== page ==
Women Who Work Long Hours During Pregnancy Are At Increased Risk Of Developing Stunted Fetuses, Japanese Research Suggests

Women who work long hours and night shifts during pregnancy are more likely to have stunted fetuses, according to a recent Japanese study.

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The survey, conducted by Nagoya city university and the environment ministry, also said women were at greater risk of developing high blood pressure after pregnancy. The results were published in the Oct. 31 issue of the American journal of obstetrics, birth. The study covered about 100,000 pregnant women in Japan. A research team collected data on their working hours and night shifts, which also took into account the physical condition and delivery methods of pregnant women during childbirth.

Regardless of age, smoking or alcohol consumption, women who worked night shifts one to five times a month and worked 36 to 45 hours a week in the second and third trimester had a 1.56 times higher risk of mild hypertension than women who did not work. People who work 46 hours or more a week are at particular risk, about twice as much as those who don’t.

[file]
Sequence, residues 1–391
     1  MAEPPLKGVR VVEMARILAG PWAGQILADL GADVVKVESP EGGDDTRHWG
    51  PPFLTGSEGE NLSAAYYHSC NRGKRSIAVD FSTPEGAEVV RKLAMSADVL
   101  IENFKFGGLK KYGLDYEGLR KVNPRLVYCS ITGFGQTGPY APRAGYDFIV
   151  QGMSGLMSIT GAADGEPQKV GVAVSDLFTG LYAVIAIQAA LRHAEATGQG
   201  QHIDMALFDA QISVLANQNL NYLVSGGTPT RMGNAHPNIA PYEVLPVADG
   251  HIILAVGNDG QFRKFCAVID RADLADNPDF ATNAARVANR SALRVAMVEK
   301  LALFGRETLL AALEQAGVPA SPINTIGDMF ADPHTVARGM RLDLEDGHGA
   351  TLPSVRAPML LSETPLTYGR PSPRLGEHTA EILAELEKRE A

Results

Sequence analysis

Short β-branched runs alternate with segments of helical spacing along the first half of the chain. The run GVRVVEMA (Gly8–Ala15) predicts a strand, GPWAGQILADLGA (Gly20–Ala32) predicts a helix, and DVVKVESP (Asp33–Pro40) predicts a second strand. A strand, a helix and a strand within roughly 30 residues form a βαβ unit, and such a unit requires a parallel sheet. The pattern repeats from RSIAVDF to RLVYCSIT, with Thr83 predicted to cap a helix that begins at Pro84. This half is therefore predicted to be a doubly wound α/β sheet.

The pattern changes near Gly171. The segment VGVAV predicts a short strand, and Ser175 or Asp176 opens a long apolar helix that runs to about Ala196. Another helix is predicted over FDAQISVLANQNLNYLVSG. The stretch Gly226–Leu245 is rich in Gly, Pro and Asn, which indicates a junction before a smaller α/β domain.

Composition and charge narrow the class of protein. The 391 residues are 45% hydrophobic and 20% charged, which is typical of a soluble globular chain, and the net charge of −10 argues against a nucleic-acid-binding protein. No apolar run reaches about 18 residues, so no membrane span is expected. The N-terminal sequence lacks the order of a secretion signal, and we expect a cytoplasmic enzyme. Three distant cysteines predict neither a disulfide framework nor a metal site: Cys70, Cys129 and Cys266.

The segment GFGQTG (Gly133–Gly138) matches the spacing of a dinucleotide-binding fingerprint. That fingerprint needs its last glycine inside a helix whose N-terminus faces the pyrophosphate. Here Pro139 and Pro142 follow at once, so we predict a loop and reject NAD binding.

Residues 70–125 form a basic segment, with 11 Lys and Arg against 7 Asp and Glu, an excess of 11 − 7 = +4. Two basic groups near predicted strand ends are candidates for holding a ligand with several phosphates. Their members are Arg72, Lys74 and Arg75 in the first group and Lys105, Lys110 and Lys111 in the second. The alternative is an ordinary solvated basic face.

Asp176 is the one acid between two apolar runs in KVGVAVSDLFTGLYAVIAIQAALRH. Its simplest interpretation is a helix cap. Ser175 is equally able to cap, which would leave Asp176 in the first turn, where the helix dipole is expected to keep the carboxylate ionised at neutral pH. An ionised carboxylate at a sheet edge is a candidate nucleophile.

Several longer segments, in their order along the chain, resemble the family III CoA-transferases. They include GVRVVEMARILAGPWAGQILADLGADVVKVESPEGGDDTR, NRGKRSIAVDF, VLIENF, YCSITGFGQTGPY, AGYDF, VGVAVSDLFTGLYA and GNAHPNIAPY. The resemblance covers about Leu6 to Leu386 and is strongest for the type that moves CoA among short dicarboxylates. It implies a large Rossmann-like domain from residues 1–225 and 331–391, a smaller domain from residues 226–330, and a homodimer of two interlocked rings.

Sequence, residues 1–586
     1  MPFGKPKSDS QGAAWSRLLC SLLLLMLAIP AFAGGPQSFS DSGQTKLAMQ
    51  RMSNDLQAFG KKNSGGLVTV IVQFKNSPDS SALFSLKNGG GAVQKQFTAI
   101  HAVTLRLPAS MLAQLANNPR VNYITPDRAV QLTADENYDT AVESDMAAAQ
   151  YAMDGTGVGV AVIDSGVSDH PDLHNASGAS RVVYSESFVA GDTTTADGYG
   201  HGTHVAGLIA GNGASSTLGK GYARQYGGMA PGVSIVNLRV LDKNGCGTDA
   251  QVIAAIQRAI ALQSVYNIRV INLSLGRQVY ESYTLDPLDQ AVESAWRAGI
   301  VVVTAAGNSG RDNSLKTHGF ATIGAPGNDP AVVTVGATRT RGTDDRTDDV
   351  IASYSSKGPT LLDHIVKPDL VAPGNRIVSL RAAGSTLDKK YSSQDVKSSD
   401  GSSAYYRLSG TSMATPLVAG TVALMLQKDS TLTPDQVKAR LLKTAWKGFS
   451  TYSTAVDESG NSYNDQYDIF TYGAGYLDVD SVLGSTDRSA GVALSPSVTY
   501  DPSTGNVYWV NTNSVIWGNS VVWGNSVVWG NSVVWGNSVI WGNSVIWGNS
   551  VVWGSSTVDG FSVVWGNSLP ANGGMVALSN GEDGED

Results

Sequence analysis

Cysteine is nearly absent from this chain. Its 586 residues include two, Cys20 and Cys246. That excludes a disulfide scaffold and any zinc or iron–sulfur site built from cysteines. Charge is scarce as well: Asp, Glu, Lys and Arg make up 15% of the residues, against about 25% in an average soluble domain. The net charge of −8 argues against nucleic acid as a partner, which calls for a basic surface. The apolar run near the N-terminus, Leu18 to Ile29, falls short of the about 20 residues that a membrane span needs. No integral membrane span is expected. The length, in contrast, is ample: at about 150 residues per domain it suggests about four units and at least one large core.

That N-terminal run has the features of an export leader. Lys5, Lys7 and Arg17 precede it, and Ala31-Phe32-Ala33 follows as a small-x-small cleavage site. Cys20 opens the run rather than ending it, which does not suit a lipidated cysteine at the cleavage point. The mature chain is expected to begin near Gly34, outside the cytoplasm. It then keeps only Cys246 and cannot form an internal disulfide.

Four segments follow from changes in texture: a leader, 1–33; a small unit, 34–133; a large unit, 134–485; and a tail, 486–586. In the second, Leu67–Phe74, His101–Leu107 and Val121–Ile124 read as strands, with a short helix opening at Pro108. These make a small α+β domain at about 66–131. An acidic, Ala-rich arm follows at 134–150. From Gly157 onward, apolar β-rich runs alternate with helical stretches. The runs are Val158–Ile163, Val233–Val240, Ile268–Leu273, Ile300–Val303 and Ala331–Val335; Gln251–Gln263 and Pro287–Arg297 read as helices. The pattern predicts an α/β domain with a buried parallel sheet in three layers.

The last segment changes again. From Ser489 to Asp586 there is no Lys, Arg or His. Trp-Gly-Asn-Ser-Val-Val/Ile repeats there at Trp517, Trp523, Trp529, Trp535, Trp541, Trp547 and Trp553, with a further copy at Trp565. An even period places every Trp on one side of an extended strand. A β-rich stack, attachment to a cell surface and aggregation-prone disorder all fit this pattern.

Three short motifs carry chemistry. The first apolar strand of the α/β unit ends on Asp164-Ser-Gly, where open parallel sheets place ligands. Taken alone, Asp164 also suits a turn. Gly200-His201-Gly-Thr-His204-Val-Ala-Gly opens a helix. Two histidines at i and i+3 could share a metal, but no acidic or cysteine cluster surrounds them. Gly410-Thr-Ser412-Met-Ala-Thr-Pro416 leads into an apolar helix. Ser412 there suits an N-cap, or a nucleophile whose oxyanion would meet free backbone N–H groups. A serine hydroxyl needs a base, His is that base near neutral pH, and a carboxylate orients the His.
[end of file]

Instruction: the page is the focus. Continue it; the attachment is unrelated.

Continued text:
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Those who worked 46 hours a week or more during the first trimester and worked one to six night shifts a month had about 1.3 times the risk of developing stunted fetuses compared to those who did not work. Those who worked 36 hours or more a week during pregnancy were also more likely to need tweezers, vacuum pumps or other methods that required medical equipment to help with labor.

“More and more women continue to work after marriage and even during pregnancy, but they should avoid working long hours for the health of their children and safer delivery,” said team member I, an obstetrician and gynecologist at Nagoya municipal university hospital.